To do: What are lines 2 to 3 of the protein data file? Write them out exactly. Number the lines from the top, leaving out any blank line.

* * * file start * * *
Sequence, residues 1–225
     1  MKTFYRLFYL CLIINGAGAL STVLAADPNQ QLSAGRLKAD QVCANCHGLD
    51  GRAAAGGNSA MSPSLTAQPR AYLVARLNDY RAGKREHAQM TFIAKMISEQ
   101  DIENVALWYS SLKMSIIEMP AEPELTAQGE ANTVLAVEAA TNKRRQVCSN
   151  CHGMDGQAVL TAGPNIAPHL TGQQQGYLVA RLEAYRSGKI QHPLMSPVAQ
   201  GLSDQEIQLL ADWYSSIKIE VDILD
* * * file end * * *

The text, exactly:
     1  MKTFYRLFYL CLIINGAGAL STVLAADPNQ QLSAGRLKAD QVCANCHGLD
    51  GRAAAGGNSA MSPSLTAQPR AYLVARLNDY RAGKREHAQM TFIAKMISEQ